How Does Financial Globalization Affect Risk Sharing? Patterns and Channels

Author/Editor:

Marco Terrones ; Ayhan Kose ; Eswar S Prasad

Publication Date:

October 1, 2007

Electronic Access:

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Disclaimer: This Working Paper should not be reported as representing the views of the IMF.The views expressed in this Working Paper are those of the author(s) and do not necessarily represent those of the IMF or IMF policy. Working Papers describe research in progress by the author(s) and are published to elicit comments and to further debate

Summary:

In theory, one of the main benefits of financial globalization is that it should allow for more efficient international risk sharing. This paper provides a comprehensive empirical evaluation of the patterns of risk sharing among different groups of countries and examines how international financial integration has affected the evolution of these patterns. Using a variety of empirical techniques, we conclude that there is at best a modest degree of international risk sharing, and certainly nowhere near the levels predicted by theory. In addition, only industrial countries have attained better risk sharing outcomes during the recent period of globalization. Developing countries have, by and large, been shut out of this benefit. The most interesting result is that even emerging market economies, which have experienced large increases in cross-border capital flows, have seen little change in their ability to share risk. We find that the composition of flows may help explain why emerging markets have not been able to realize this presumed benefit of financial globalization. In particular, our results suggest that portfolio debt, which has dominated the external liability stocks of most emerging markets until recently, is not conducive to risk sharing.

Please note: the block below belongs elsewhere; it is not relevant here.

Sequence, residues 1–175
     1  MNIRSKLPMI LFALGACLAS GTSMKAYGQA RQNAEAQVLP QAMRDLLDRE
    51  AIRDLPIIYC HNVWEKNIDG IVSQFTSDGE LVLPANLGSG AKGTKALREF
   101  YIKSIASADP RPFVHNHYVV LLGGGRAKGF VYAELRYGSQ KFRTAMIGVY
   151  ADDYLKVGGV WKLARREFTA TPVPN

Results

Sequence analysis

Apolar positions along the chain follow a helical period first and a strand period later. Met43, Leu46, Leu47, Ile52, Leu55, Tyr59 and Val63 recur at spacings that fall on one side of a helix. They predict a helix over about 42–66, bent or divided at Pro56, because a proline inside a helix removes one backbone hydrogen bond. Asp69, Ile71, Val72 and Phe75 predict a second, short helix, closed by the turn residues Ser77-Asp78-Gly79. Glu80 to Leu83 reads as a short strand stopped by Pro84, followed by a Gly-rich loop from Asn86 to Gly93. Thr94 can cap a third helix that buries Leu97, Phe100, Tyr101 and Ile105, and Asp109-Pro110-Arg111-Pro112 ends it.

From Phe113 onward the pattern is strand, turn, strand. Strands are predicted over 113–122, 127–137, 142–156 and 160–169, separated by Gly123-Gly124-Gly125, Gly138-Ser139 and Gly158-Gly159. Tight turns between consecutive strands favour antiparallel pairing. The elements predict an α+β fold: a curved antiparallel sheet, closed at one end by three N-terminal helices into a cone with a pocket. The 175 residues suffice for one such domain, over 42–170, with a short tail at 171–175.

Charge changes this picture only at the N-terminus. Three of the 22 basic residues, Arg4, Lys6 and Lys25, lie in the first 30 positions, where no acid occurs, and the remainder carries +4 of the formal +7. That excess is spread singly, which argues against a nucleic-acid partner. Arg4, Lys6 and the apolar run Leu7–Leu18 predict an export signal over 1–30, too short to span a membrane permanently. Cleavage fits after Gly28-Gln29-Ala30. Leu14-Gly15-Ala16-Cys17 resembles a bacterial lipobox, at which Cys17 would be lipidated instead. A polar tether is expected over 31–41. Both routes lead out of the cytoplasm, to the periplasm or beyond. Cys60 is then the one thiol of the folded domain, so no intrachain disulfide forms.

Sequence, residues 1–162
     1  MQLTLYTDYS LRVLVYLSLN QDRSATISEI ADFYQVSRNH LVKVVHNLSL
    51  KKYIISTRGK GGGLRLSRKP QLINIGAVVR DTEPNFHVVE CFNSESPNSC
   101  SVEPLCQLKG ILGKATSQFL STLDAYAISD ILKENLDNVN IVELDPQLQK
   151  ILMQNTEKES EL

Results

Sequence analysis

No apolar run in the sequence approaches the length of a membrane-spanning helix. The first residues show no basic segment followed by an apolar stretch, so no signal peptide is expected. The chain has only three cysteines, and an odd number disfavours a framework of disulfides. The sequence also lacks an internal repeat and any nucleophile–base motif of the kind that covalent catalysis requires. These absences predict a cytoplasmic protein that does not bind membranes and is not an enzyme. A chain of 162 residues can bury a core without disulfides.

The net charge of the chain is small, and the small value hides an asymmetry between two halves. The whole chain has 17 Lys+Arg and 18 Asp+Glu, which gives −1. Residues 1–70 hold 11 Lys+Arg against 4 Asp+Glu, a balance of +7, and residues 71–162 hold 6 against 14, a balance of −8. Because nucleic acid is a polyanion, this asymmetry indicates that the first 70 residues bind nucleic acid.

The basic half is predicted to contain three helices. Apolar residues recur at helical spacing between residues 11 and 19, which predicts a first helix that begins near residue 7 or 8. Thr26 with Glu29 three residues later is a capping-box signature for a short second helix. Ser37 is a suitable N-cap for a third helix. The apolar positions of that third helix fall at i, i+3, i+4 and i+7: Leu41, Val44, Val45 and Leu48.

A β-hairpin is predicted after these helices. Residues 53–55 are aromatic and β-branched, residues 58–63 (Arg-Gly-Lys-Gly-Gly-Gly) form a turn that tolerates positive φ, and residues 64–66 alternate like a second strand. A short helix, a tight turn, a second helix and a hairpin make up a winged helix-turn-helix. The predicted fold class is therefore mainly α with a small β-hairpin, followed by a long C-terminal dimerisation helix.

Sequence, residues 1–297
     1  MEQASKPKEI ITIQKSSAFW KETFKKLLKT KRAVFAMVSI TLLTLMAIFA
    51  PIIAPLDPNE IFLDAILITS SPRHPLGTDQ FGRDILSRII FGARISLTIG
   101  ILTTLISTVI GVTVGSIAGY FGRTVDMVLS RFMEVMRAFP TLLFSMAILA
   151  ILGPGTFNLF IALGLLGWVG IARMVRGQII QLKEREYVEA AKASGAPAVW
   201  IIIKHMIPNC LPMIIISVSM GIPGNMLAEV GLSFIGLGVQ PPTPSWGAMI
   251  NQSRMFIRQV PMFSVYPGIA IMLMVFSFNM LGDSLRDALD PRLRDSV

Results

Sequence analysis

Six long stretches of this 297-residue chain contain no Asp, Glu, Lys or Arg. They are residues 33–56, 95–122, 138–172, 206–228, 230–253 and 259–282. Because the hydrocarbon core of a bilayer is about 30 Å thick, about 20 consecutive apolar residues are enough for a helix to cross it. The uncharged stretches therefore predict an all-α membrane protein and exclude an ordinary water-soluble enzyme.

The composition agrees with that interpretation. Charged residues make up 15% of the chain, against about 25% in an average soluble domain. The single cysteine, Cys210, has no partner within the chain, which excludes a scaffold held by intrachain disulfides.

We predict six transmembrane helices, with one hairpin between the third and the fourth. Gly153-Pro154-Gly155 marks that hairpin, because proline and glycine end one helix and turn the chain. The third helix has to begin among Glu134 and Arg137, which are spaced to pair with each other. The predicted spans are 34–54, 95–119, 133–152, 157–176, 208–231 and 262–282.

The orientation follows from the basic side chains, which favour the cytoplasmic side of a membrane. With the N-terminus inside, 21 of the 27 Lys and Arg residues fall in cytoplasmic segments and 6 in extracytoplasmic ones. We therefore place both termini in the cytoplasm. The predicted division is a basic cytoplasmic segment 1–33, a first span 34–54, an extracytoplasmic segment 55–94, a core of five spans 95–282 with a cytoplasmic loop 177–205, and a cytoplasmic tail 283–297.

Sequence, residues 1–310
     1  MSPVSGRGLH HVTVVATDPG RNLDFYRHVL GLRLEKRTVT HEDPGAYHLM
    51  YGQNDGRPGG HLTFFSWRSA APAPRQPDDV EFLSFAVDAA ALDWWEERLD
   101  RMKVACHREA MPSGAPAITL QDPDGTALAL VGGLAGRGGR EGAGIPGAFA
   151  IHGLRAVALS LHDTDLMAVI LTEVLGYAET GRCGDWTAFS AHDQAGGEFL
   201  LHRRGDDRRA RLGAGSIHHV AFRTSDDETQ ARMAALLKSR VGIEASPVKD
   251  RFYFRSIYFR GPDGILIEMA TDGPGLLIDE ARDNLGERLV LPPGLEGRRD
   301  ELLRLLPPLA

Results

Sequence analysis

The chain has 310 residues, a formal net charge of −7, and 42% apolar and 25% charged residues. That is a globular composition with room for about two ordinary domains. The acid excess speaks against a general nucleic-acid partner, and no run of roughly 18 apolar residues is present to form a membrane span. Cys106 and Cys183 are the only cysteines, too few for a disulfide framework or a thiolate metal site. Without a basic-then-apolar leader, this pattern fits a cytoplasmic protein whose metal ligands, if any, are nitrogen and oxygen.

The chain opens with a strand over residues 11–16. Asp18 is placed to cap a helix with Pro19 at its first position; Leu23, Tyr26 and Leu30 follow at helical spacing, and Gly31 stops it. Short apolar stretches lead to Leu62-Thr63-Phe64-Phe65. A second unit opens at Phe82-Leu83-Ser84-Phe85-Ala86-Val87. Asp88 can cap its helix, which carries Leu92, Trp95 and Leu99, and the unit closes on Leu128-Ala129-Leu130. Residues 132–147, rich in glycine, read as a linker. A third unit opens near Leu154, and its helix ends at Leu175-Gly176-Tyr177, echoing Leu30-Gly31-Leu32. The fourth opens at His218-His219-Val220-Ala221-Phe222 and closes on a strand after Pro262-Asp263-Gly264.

Series:

Working Paper No. 07/238

Subject:

English

Publication Date:

October 1, 2007

ISBN/ISSN:

9781451868029/1018-5941

Stock No:

WPIEA2007238

Price:

$18.00 (Academic Rate:$18.00)

Format:

Paper

Pages:

41

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